A Los Angeles Police Department officer will serve 16 months in prison for assaulting a South L.A. woman in a 2012 incident that was caught on video by a police cruiser camera.
After a Los Angeles jury watched the footage of Officer Mary O’Callaghan, 50, brutally handling Alesia Thomas, 35, who died in the hospital shortly after, they determined that O’Callaghan used unnecessary force, reports the LA Times.
O’Callaghan’s sentence is one of many during a time when law enforcement agencies nationwide face police brutality allegations.
Last month, the jury convicted O’Callaghan of assault under the color of authority. While the officer never faced a trial for Thomas’ death, the court sentenced her to 36 months in jail for the assault, although the last 20 months of her sentence were suspended. She could be out in as little as four and a half months, according to her attorney Robert Rico, who plans to appeal the sentence.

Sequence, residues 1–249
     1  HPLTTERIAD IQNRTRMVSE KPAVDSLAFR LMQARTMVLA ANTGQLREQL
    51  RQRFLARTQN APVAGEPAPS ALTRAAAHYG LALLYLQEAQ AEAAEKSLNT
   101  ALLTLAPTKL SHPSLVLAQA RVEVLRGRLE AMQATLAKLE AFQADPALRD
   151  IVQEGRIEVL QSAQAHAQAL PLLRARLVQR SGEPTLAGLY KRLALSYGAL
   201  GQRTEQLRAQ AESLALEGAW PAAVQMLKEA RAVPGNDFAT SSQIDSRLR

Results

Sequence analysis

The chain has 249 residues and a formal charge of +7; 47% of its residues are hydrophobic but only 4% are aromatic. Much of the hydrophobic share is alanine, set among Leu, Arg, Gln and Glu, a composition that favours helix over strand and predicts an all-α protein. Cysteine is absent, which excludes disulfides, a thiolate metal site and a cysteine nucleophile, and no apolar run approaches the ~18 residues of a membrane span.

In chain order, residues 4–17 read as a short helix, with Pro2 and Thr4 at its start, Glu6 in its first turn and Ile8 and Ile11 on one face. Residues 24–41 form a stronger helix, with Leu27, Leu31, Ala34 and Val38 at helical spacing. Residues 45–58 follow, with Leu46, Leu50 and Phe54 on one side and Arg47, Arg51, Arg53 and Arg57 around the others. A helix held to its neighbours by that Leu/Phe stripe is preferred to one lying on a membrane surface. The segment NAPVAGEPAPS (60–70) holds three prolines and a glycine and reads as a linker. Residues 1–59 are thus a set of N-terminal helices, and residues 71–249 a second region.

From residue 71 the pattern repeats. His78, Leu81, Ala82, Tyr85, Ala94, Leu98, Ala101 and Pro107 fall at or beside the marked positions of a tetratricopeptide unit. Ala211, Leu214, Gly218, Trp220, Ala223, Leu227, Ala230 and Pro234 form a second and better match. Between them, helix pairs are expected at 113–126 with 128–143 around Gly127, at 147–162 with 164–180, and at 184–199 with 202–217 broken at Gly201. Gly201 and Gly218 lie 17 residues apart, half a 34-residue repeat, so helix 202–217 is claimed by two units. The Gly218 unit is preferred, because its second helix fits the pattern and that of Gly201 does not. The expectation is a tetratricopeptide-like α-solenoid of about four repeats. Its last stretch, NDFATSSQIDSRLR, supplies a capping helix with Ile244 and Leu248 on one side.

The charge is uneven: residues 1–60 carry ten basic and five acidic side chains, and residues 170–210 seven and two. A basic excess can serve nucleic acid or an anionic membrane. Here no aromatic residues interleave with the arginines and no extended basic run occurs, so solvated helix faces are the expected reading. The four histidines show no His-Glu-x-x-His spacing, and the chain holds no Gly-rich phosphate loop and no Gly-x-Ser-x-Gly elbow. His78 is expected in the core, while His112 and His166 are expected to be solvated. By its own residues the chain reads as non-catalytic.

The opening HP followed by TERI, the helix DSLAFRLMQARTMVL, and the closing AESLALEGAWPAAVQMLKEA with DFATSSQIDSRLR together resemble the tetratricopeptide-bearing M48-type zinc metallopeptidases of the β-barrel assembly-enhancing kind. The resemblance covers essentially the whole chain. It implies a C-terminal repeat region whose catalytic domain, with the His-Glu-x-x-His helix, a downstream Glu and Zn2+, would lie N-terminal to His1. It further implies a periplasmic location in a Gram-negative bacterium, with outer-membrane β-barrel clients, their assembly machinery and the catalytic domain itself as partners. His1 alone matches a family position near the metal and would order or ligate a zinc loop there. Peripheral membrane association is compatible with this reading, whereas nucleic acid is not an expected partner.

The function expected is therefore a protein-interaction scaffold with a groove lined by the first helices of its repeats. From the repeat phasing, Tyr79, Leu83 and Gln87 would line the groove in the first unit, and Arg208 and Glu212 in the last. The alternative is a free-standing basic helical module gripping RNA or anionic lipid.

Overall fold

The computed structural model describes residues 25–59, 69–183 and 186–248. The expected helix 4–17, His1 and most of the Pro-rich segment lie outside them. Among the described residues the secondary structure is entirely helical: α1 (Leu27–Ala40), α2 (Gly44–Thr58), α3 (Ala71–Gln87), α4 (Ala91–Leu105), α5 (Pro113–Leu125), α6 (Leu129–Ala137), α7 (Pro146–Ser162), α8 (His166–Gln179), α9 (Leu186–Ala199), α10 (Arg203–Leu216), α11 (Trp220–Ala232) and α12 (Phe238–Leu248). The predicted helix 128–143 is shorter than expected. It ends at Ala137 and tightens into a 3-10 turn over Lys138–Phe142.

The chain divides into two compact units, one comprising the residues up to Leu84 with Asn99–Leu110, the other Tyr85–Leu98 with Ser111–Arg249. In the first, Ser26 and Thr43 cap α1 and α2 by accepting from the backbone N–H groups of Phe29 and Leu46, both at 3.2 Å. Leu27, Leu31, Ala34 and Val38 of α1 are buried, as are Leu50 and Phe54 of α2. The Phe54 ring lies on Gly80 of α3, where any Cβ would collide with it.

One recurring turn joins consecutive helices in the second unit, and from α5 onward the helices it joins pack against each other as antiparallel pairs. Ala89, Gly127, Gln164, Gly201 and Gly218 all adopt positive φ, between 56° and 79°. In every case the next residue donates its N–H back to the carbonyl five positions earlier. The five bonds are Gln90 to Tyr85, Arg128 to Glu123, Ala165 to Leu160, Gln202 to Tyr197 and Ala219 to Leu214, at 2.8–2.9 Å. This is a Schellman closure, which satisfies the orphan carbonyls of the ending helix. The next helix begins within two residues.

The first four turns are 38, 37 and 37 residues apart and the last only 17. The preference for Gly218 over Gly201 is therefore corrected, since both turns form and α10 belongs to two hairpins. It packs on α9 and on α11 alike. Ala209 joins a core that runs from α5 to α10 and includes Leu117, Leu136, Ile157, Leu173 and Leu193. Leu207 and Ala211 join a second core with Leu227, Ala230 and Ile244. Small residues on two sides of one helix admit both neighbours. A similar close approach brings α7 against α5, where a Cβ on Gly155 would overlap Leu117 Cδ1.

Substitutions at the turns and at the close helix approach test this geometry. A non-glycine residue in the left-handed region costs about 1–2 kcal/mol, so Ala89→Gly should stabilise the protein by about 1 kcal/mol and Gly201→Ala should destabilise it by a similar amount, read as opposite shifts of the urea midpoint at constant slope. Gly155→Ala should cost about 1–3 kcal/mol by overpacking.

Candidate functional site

Officers put Thomas under arrest on July 22, 2012, after they went to her home and investigated claims that she had abandoned her children.
In the video of the incident, O’Callaghan hits Thomas in the throat with an open hand and threatens to kick her in the crotch. Then, O’Callaghan raises her boot and strikes Thomas, whose body visibly jolts.
Inside the police car, Thomas breathes heavily and repeatedly says, “I can’t.”
Thomas asked officers for an ambulance, although they reportedly did not call for one for more than 30 minutes after her request. She became unconscious a few minutes after the video was taken, and she died in the hospital.
The coroner who performed the autopsy determined that cocaine was a “major factor” that contributed to her death; however, the coroner could not determine how the altercation with O’Callaghan might have contributed to her death, and the official cause of death is “undetermined.”
“It should be clear to everyone that the LAPD and the criminal justice system will hold officers accountable for their actions when they operate outside the law,” said Los Angeles Police Chief Charlie Beck in an official statement, according to KTLA.
O'Callaghan had been with the LAPD for nearly 18 years.